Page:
Up until one Monday morning, who would have looked at Anna Faris and Chris Pratt and said that their relationship is absolutely perfect? I know I would have. They seemed a great fit for each other, and their marriage seemed like it was full of laughter.
Yet, it’s not to be.
Who looked at Ant & Dec and thought that they seemed extremely happy; nothing could possibly be the matter?
Yet we now know the demons Ant battles.
These are just two examples picked straight from the pages of Hello!. But to me, they are a very poignant reminder on how you can never a judge a book by its cover.
We all know of and recognise the Instagram effect. We share a picture-perfect view of our lives with the world, whilst behind the lens, chaos ensues. We clean up a corner of our Ikea glossy tables in order to make up the perfect flatlay, whilst our beds are covered in all the junk normally adorning our workspace.
No? Just me? On the other side, us, the ones who take a hundred selfies just to share one, look at the lives of others and feel a soul-destroying envy. We see perfect families, perfect homes, fancy cars and great careers. We feel completely inferior to the picture portrayed to us. In that moment, we forget that everyone else, just like us, curates their lives. We only see the top of the iceberg, whilst all the stuff below the waterline can be just as chaotic as our lives.
I used to envy a co-worker of mine. Not in a way where I was truly jealous and turned to ugly emotions, not a chance. She is an absolute delight. She is one of the sweetest people I have ever met, and I don’t think I have ever heard her say a truly bad word about anyone. She will try to help everyone up to the best of her abilities, and she’s a hard worker to the core. She didn’t need to wear makeup to have perfect skin, and I always looked at her curly hair at envy. At 27 at the time, three years younger than me, she had ‘senior’ in her job title, made a good 20k more than me, owned her own property and a rental property, and had just bought a brand-new high-spec car. And I couldn’t help feeling envy. She was already qualified and had achieved so much in her life. And here I was, just plodding along, desperately trying to keep my head above water.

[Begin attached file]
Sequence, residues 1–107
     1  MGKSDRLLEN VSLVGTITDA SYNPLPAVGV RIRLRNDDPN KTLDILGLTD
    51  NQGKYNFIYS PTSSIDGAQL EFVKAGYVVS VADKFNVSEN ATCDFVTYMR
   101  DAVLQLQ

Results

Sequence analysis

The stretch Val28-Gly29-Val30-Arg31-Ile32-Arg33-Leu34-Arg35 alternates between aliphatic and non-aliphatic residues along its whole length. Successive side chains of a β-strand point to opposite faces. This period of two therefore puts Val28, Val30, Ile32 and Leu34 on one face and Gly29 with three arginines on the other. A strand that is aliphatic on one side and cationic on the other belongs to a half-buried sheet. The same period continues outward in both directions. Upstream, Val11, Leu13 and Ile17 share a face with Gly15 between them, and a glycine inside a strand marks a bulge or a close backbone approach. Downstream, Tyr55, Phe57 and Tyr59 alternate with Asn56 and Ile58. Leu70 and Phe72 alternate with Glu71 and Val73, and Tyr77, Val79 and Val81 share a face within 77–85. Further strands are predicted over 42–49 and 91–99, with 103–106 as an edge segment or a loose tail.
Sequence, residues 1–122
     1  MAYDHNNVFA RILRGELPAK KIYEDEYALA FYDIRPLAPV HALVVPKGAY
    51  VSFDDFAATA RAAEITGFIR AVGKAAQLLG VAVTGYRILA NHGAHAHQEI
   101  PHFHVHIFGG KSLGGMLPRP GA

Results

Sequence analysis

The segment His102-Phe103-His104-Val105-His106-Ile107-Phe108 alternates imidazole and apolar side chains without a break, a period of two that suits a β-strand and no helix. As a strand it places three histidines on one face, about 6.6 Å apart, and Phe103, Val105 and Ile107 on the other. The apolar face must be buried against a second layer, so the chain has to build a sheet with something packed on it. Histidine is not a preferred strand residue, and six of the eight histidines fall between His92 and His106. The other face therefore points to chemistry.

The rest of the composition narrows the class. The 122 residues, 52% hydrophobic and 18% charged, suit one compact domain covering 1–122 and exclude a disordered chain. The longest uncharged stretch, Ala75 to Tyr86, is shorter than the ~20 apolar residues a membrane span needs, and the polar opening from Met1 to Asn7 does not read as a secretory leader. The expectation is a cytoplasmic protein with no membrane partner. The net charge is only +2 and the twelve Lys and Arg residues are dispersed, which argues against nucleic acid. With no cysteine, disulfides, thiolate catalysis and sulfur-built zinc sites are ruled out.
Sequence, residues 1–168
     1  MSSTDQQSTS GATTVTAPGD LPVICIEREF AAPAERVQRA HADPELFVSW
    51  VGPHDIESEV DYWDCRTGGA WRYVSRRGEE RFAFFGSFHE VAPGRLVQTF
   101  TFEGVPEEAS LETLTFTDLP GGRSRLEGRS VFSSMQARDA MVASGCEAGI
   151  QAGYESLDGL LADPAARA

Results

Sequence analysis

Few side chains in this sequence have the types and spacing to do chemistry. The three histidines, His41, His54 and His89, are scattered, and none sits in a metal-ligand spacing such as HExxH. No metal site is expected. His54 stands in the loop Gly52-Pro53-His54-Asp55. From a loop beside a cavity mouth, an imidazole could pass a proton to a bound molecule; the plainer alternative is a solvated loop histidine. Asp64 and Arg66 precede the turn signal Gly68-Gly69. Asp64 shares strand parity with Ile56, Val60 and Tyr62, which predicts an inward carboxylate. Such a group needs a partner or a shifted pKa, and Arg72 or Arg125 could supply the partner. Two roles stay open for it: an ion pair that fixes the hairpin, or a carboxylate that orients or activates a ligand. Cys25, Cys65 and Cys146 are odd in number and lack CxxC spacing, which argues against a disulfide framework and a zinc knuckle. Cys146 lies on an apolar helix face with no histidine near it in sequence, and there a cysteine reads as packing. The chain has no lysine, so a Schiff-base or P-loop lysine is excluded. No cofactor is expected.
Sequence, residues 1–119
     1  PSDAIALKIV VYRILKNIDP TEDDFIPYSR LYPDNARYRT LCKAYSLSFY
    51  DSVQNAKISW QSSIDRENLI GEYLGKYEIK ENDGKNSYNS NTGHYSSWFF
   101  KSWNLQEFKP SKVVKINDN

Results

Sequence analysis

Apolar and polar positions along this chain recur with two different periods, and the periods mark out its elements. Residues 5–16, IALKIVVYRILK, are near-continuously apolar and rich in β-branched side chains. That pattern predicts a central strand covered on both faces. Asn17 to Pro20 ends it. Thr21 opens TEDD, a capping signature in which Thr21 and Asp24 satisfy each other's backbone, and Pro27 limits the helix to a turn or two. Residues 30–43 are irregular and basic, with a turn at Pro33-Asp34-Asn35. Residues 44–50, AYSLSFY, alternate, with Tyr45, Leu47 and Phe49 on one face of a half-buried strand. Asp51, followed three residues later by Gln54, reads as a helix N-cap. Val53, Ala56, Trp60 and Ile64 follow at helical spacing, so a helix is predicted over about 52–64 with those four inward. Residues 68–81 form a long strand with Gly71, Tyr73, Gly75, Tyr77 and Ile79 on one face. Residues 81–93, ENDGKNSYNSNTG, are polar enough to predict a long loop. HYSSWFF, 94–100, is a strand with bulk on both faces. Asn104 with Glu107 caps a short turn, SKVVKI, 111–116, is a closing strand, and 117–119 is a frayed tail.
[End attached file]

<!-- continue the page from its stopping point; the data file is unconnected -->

It wasn’t until the veil was lifted a bit until I started to really see that there are always trade-offs. She had worked her butt off for a few years to go through her professional exams, during which she had little to no social life. Up until this particular job, she had been on less money than I was, yet had more responsibilities. She used to suffer from bad acne until she got a good routine going, and she had saved and saved and saved to be able to buy her properties. Meanwhile, I had been concentrating on having a raucous social life, had saved up for my wedding, and had worked my way up from a few setbacks in my career. Would I want to be in the place she was? Of course. Would I trade my experience of life for hers? Not a chance. She is still one of the most beautiful people I know, inside and out, but I would not trade places. I would not trade my history with hers, or my life with hers. Just because our priorities and approaches in life are different, doesn’t mean that either is worse than the other; they’re just different.
In my co-worker’s case, the tip of the iceberg was all these material things, but below the surface, there was a lot of sacrifices, self-doubt and choices different to those I would have made.
With Chris Pratt & Anna Faris, as they are a couple that is in the public eye, their every move is being monitored by someone. It must be incredibly hard trying to save your marriage whilst you’ve got thousands of pairs of eyes boring holes in your backs, and the constant lack of privacy when you need it the most must be infuriating. Nobody wants their issues being dragged out through the mud and over the hill. So they went on, presenting us regular folk with the image of couple perfection. They continued complementing each other in public, making appearances together, smiling as if nothing was wrong and we believed it. In fact, we lapped it up. And we maybe looked at our relationships and thought “why can’t our be like their”. It must be so much easier to portray one image to the public so we don’t ask questions, so that in the background, like ducks, they can desperately pedal.
We see this certain public image, carefully curated for publication and we look at it and compare our own lives to it. Of course, real life is always going to lose that competition. Real life isn’t a dreamland where people constantly wear makeup and photoshop cures all imperfections. Real life is dirty, it’s hard and there are going to be obstacles on the way. Learn to deal with those obstacles and learn to appreciate the positive things that are actually in your life; it’s the only way to happiness.
How curated is your life?